As Aleppo offensive continues fears rise over a new exodus of refugees

As Aleppo offensive continues fears rise over a new exodus of refugees
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One of the jewels of the ancient world, Aleppo, is facing catastrophe as the forces of Bashar al-Assad and his Hezbollah, Iranian and Russian allies close in on the rebel-held southern and eastern sectors of the city.

For thousands of years Aleppo has been a vibrant commercial crossroads, but much of it now lies in ruins, and the people there who have not fled already are starting to stream out, raising the prospect of a new wave of refugees knocking on Europe’s door for sanctuary. Some 3000 families have left in the last few days according to the UK-based Syrian Observatory for Human Rights.

Three Free Syrian Army-affiliated groups say they have received fresh supplies of US-made anti-tank missiles along with mortar bombs and rocket launchers, but that they are under heavy pressure.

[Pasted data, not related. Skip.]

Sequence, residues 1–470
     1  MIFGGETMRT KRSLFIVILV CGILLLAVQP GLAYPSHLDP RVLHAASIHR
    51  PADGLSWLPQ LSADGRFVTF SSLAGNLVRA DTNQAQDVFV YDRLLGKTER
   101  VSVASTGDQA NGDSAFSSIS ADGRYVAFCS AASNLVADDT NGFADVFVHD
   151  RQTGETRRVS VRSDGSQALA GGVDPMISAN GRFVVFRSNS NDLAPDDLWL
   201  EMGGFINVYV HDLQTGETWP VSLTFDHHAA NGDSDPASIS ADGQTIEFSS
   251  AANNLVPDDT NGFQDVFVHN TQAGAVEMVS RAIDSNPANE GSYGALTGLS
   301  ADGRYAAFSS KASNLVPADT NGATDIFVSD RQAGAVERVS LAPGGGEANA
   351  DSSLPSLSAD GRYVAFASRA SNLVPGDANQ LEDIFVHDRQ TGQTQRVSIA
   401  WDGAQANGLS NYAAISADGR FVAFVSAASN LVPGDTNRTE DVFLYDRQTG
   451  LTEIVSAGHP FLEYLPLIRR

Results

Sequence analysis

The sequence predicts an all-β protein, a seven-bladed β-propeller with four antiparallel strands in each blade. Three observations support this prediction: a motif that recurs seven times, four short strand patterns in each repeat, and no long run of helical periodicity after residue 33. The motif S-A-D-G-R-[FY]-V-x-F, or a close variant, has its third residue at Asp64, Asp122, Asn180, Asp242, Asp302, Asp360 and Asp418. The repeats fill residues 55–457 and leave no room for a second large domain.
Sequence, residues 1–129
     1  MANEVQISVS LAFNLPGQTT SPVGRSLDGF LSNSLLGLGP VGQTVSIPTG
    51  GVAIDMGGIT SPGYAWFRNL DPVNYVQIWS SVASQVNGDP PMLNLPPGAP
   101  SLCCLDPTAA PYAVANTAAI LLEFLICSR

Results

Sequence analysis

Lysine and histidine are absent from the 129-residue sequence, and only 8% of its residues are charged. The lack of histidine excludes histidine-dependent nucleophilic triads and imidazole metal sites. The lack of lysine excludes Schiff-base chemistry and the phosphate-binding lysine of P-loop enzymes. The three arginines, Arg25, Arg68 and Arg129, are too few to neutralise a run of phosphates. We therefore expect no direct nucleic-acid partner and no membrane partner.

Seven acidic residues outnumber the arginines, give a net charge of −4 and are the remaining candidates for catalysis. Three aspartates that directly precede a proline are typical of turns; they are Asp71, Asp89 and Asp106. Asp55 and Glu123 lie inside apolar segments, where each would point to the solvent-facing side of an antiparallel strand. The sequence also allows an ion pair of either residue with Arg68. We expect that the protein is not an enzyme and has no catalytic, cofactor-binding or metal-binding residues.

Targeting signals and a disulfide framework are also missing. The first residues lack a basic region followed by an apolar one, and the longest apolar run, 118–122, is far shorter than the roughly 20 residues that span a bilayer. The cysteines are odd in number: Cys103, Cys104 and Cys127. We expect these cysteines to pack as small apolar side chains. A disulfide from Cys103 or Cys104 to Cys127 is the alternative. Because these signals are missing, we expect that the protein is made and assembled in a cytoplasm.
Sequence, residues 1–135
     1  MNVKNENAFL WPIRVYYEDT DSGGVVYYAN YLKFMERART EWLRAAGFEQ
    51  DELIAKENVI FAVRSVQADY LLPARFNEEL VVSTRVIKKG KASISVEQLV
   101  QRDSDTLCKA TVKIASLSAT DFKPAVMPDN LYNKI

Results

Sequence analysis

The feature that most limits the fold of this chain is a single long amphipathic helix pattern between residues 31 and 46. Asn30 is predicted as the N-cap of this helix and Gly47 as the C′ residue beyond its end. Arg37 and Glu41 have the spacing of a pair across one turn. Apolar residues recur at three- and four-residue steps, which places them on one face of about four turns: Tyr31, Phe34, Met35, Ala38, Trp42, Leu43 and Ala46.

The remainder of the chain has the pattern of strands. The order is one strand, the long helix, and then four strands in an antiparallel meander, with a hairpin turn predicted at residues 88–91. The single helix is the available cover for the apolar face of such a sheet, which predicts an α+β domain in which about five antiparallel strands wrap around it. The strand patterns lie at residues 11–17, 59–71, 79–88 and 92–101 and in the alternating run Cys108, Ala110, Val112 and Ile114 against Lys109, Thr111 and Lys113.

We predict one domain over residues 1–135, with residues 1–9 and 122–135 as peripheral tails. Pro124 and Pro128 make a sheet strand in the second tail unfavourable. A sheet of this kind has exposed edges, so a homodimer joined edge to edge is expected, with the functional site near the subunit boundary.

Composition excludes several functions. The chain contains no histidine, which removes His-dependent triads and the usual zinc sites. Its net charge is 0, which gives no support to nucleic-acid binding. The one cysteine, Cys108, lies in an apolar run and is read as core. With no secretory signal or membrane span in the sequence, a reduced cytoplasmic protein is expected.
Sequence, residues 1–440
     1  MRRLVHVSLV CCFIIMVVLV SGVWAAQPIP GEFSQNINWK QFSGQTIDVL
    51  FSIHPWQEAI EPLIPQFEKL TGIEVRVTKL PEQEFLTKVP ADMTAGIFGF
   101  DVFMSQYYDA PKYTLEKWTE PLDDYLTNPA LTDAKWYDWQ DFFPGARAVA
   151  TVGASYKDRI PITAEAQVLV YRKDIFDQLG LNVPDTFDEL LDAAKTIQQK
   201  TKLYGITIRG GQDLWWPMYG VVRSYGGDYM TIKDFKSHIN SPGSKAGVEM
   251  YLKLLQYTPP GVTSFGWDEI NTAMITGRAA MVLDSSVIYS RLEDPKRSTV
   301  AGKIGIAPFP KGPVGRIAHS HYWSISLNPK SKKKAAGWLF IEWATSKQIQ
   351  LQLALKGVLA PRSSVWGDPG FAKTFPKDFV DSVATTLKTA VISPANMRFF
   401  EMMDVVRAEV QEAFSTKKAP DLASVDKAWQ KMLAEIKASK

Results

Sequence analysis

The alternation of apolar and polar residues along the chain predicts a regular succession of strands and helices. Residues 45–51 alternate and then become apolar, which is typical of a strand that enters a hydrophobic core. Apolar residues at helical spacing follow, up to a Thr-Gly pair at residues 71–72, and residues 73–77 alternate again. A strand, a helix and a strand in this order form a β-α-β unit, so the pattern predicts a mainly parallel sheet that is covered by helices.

On Sunday Angela Merkel was warned by the Turkish prime minister that just such an exodus from Aleppo was on the cards because of the offensive. His suggestion of a safe area being set up behind a military shield has yet to materialise.

Russian planes continue to soften up resistance on the ground in southern Aleppo, but ground forces are finding gains difficult to come by in the face of determined resistance.

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